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Building a Yacht — design in action

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Here, we see a sped up time-lapsed snapshot succession view of the design and construction of a fibreglass vs a wooden yacht:

Here is another:

Now, let’s scale down to a canoe:

We thus see illustrated how . . .

design is intelligently directed configuration which makes advantageous, and ideally skilled and artistic, use of forces and materials in nature, economically, to achieve desired ends.

Now, let us follow Paley in his second step, in Ch 2 of his argument.

Suppose, that, in the course of its voyaging we were to notice that a particular yacht — having in it various stored plans, algorithms, assembler position- arm- effector devices, jigs, frames and devices etc, were to somehow construct another yacht of the same type.

That is, the yacht turned out to be a von Neumann kinematic self-replicator:

Would we now be dissuaded from our view that a Yacht is replete with signs that reliably point to its design? No.

As Paley pointed out, we might indeed infer that it is far more likely that the yacht we see has been part of the chain of self-replicating entities rather than being the direct product of observable external designers, but we would not surrender our design inference. Somewhere, behind the whole chain, would be a root-source of the contrivances, the apt functional organisation, the configuration to suitable ends. And indeed, the design of a self-replicating yacht is far more sophisticated than that of one without that additional capability.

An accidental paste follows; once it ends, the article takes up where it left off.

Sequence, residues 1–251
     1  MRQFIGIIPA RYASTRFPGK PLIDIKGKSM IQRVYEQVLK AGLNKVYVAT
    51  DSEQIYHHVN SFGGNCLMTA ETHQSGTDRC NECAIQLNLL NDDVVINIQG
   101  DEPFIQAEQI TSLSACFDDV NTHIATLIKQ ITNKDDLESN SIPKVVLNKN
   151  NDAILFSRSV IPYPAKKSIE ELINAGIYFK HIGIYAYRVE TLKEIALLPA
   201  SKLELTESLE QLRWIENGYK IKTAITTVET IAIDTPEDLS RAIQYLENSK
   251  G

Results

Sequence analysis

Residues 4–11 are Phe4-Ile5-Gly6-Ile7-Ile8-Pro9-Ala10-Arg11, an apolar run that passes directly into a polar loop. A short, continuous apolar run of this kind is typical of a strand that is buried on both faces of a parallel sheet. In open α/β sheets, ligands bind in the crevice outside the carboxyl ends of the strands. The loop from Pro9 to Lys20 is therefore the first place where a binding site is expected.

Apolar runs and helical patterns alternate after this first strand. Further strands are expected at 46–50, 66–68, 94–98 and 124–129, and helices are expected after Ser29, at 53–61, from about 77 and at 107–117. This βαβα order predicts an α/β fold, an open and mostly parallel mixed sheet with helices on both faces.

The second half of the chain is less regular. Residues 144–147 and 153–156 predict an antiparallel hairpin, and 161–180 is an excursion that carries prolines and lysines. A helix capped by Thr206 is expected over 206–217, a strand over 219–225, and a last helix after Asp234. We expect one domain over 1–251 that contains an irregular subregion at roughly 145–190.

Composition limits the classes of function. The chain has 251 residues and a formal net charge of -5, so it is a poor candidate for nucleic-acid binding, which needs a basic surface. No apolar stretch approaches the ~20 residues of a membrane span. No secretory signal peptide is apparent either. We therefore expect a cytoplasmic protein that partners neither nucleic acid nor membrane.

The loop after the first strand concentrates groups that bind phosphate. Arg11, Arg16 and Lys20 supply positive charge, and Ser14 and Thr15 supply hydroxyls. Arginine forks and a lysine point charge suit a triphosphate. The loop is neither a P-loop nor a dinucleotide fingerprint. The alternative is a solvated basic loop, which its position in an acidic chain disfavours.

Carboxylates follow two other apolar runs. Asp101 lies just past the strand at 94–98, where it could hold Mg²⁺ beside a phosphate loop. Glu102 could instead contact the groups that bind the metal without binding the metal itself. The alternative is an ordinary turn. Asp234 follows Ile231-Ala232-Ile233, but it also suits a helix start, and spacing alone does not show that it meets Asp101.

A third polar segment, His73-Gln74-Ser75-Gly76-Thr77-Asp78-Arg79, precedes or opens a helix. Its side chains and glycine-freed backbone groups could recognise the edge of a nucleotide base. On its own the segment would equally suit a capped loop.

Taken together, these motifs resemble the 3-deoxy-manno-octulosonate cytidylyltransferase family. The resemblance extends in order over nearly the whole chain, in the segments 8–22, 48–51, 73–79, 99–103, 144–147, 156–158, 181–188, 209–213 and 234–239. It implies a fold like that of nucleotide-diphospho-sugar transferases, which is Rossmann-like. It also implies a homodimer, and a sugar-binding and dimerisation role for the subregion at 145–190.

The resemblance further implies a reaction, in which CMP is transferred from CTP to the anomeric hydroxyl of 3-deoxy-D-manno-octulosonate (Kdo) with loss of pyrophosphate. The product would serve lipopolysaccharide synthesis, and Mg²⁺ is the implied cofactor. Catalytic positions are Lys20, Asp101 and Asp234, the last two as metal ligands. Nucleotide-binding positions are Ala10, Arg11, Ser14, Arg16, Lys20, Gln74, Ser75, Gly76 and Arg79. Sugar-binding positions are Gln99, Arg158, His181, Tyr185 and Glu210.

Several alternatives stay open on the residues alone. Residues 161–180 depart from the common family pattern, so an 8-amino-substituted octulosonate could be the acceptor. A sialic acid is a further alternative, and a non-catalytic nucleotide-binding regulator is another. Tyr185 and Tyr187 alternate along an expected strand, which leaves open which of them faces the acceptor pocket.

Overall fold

Going further, suppose now that we were to see that the yacht did not merely copy itself but created a design family that gradually, across generations, adapted to various niches and specialisations in different zones across the world.

Would we now abandon our design inference?

Not at all, for such adaptability would be a further sign of the robustness of the design.

Of course, the living, self-replicating, metabolising cell . . .

A typical animal cell, showing mitochondria

is far more sophisticated and is a wonder of molecular nanotech that far exceeds our imagined self-replicating, adapting yacht.

It is adaptable, for example the neuron is an information-processing weighted sum gate:

So then, on what non question begging grounds would so many insist that such is a spontaneous, self creating entity? _________

Let us ponder where we have gone with origins science, why. END

24 Replies to “Building a Yacht — design in action

  1. 1
    kairosfocus says:

    Building a Yacht — design in action . . . the fundamental logic of the design inference on observable signs

  2. 2
    Seversky says:

    Has anyone ever denied that design exists in the Universe? Of course not, if for no other reason than we do it.